LC-MS expert and trainer, associate professor ChM Fatimah Salim, PhD, from the Malaysian Institute of Chemistry Professional Centre and research fellow at the Atta-ur-Rahman Institute for Natural Product Discovery, Universiti Teknologi MARA, Malaysia, mentions, “By combining the separation capabilities of the LC with the sensitivity and specificity of the MS, the LC-MS technique provides a powerful analytical tool for detailed information on the composition and concentration of PFAS in intricate sample matrices. The ability to selectively analyze individual PFAS compounds is crucial in assessing environmental contamination and understanding potential health risks associated with these substances.”

Other methods for analyzing PFAS

Besides LC-MS, other analytical techniques suitable for detecting PFAS include tandem mass spectrometry (MS-MS) and multiple reaction monitoring (MRM). These techniques are used to improve the accuracy of an analysis. In MS-MS mode, precursor ions are fragmented into smaller product ions, which are then detected. According to Salim, “Tandem MS enhances specificity and sensitivity by selecting precursor ions, fragmenting them, and monitoring specific mass transitions. This sophisticated approach enables precise identification and quantification of PFAS compounds based on their distinctive mass spectra. On the other hand, MRM monitors specific mass transitions for each PFAS compound, which enhances the selectivity and sensitivity of the analysis.”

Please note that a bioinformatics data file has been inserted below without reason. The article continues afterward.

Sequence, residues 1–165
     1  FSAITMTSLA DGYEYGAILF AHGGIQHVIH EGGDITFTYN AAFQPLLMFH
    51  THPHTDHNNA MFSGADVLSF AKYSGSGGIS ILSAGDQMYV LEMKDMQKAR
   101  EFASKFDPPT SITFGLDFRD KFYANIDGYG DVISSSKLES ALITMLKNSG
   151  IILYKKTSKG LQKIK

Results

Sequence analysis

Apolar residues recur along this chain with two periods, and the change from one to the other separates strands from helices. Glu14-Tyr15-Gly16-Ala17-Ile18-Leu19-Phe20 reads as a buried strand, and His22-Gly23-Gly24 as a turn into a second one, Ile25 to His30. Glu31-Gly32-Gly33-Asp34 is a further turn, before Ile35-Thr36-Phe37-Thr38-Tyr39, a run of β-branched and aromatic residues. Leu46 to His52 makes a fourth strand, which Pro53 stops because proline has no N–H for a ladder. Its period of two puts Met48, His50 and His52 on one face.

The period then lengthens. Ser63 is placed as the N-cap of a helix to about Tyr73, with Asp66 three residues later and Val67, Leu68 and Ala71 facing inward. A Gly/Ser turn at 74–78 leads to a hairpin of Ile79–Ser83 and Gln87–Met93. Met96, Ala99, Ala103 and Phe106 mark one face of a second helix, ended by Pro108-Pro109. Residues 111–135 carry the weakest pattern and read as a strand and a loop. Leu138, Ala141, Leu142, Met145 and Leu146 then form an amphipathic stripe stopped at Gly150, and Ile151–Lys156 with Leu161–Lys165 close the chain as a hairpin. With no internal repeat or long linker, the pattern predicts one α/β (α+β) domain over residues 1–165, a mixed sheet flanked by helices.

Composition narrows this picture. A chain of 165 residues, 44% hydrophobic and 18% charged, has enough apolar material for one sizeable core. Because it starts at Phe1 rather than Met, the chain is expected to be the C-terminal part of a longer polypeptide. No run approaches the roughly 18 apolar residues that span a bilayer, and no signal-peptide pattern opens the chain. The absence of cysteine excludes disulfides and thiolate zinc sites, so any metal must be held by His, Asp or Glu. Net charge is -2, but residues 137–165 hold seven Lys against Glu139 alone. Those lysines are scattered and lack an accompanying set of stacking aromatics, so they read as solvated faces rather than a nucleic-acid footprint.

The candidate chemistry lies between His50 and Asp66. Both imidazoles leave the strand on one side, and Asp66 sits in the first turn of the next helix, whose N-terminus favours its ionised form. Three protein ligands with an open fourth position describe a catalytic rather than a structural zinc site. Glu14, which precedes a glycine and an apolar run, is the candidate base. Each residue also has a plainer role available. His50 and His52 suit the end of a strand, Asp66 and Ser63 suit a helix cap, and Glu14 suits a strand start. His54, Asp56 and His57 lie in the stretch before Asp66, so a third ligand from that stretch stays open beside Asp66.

LC is often paired with MS-MS for another widely used and trustworthy analytical technique (LC-MS-MS) for detecting and measuring PFAS compounds. This method is incredibly precise, very sensitive, and requires a relatively simple sample preparation (solid-phase extraction). However, it is only capable of identifying well-known “legacy” compounds, and analyzing the data can be a very labor-intensive process.

Improving the process

Chromatography and other analytical techniques have some drawbacks, as they require very complex instruments with lengthy diagnostic processes. According to Generalova Yuliya, PhD, a researcher at the Center for Quality Control of Medicines, Saint-Petersburg State Chemical and Pharmaceutical University, Russia, some emerging new techniques that may complement LC-MS for PFAS identification are the use of sensor technologies, total oxidizable precursor (TOP) assays, fluorine-19 nuclear magnetic resonance spectroscopy, and inductively coupled plasma mass spectrometry. Yuliya mentions, “Recent advancements in sensor technologies have led to the development of smaller and more portable LC-MS systems. These systems enable on-site analysis, making it quicker and easier to detect PFAS in a variety of environments, such as water treatment plants and contaminated sites.” TOP assays, on the other hand, provide a comprehensive assessment of PFAS that allows a thorough understanding of the extent of PFAS contamination in a sample. This information is crucial in risk assessment to predict their persistence in the environment and to subsequently develop the necessary remediation strategies.